Larsson says hello again to Sweden - thanks to his son

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The Independent Football

If the way to a man's heart is through his child, then the best-known boy in Scotland can expect to have plenty of people falling at his feet in the next month. Jordan Larsson is not quite seven years old yet. He speaks with a Glaswegian accent that does justice to his birth in the city shortly after his father arrived to work there in 1997. It was this persuasive tongue that prompted his dad, Henrik, to say "yes" to Sweden.

Now Celtic supporters will hope that Larsson Jnr, who plays on the Parkhead turf with the offspring of Johan Mjallby and Chris Sutton after every home game, will force a similar change of heart and prevent the club's talisman from leaving the east end of Glasgow in the summer.

Henrik's decision to play for Sweden in Euro 2004 came after a nationwide campaign back home that swept up the royal family and even Lennart Johansson. But it was little Jordan who counted most of all in tempting his father back to the international stage he gave up after the 2002 World Cup finals.

"It was humbling that people like Lennart Johansson wanted me to go, but it was my family who changed my mind," Larsson said. "Jordan is really interested in football now. He asked me, 'Daddy, why don't you play for Sweden?' I told him it was because of him. When I left to go to the World Cup finals he was very upset at me going away for such a long period.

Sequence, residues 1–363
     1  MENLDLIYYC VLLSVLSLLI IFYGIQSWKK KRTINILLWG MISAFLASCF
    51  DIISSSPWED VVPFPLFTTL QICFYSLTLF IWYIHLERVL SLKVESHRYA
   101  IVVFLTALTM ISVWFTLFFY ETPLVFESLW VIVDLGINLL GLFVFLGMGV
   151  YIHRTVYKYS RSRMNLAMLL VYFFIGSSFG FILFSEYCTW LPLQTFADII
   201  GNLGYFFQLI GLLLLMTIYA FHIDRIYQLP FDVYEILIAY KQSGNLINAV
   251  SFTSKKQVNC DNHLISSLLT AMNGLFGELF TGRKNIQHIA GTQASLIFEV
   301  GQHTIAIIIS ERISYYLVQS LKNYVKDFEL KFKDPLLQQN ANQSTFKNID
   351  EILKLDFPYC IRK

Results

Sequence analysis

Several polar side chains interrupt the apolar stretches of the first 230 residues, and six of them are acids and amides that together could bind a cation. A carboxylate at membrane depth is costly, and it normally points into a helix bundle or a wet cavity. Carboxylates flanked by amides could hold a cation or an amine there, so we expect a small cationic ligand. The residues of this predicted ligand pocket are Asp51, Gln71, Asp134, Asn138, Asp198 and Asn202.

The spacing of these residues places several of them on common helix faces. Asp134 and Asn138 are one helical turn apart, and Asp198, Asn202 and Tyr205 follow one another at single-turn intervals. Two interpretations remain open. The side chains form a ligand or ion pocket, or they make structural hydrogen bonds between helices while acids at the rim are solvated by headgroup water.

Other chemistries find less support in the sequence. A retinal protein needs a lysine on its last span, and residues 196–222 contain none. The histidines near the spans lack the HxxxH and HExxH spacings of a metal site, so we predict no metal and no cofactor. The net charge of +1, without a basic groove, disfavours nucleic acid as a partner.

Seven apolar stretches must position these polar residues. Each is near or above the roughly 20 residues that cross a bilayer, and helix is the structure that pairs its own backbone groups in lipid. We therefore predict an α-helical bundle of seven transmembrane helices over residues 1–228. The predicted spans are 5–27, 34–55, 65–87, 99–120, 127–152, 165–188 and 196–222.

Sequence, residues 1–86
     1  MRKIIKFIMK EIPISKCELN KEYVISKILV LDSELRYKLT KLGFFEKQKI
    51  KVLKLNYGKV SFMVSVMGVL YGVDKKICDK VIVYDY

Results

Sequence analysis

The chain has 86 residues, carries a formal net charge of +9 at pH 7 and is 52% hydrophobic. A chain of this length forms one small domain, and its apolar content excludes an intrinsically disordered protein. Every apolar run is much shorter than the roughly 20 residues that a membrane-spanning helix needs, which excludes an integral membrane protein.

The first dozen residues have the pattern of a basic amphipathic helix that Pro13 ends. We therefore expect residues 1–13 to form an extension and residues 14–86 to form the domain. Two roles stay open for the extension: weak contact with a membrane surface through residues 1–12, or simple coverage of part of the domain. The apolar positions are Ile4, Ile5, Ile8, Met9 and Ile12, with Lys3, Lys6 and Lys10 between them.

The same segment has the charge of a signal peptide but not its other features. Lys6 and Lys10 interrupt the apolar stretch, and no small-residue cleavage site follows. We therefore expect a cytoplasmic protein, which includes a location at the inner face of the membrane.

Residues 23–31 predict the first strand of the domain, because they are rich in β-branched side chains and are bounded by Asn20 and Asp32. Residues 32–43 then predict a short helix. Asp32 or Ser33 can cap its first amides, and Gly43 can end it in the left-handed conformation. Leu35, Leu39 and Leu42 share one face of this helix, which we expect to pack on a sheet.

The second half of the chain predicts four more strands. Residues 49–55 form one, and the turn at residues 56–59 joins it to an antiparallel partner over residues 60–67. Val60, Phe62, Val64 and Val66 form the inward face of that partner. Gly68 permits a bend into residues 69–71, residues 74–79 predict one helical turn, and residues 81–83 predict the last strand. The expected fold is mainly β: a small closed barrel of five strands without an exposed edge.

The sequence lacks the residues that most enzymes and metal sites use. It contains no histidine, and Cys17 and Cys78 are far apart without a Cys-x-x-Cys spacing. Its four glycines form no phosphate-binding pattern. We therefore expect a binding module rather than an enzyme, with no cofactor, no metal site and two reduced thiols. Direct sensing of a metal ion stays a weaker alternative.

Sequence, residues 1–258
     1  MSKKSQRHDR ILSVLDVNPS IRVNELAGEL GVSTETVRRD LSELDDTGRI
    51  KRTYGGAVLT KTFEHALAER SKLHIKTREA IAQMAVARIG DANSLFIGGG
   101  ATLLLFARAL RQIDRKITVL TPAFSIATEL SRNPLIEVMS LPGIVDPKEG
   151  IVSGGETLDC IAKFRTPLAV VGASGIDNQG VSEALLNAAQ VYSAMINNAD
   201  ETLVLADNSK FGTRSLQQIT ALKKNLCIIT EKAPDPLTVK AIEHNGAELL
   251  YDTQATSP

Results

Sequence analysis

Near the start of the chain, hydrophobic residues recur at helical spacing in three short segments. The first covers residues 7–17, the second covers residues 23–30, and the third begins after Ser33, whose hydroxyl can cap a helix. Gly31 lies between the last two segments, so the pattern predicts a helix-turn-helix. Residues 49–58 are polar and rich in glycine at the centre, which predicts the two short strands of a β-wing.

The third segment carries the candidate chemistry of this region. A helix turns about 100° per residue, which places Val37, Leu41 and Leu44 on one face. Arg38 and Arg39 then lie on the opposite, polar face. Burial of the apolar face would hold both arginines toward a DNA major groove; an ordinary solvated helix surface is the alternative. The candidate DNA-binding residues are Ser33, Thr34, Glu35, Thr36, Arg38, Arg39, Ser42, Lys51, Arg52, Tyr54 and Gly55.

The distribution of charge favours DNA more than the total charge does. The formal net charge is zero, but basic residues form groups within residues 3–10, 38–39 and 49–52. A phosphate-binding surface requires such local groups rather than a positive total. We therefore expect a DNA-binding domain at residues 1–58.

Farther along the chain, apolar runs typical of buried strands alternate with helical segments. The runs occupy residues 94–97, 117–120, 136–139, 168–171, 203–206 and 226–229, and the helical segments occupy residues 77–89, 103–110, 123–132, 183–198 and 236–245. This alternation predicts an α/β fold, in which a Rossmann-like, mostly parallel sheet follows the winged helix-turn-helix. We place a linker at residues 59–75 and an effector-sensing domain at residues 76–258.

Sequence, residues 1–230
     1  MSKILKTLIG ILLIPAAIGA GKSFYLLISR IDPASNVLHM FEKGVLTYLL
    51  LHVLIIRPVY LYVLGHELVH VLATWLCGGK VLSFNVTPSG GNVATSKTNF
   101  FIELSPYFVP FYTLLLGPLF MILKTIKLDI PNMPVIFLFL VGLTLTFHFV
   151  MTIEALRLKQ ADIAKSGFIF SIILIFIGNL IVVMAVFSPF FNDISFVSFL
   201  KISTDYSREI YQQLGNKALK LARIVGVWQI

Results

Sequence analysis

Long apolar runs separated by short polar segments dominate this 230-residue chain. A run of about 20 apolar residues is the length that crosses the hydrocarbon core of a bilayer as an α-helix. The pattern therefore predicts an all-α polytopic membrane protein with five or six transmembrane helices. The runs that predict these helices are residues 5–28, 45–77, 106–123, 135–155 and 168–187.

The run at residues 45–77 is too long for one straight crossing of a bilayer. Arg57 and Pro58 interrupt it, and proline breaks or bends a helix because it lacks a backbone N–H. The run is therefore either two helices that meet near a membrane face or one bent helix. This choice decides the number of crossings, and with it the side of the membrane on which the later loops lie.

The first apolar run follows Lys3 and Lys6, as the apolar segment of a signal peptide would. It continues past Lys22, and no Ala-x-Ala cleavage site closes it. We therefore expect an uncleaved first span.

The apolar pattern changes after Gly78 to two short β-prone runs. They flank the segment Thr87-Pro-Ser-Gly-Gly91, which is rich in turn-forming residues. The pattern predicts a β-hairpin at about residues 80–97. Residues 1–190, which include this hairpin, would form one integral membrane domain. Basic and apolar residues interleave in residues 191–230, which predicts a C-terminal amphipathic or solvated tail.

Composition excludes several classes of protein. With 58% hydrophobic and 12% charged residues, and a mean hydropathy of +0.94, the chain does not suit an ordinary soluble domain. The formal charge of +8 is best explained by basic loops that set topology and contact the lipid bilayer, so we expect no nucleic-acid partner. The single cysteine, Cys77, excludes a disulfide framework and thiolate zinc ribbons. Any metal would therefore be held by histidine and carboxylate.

"But he wants me to play and I have the support of my family, so I'm looking forward to playing. I have missed not being involved in international football for the last two years. At first, when you have a few days off and can spend time with the family or go and play golf, it is nice. But now I am ready to play again, and maybe the break has put an extra year or two on to my career."

Does that open the door for a u-turn at Celtic? Larsson says he intends to bow out now from Celtic to protect his reputation there as an icon. Today he and the Celtic side will receive the Scottish Premier League trophy after the home match with Dunfermline Athletic - by a quirk of fate, the side who will provide Larsson's curtain call in the Scottish Cup final at Hampden Park on 22 May.

"I know people will say that because I've changed my mind with Sweden, I might do the same with Celtic," Larsson said. "But I can say now that won't happen. I've had seven great years here, but I am leaving in the summer and nothing will change that. I want to end on a high. I've had such a good time here and that's why these last few games are hard for me.

"I am close to tears every time I run out at the moment because I know I only have a few games left. I think I will be in tears when the time finally comes to say goodbye, but that's only because the club and fans have been so good to me. It is emotional when I hear the fans sing my name and hear that they want me to stay, but I am sticking to my decision."

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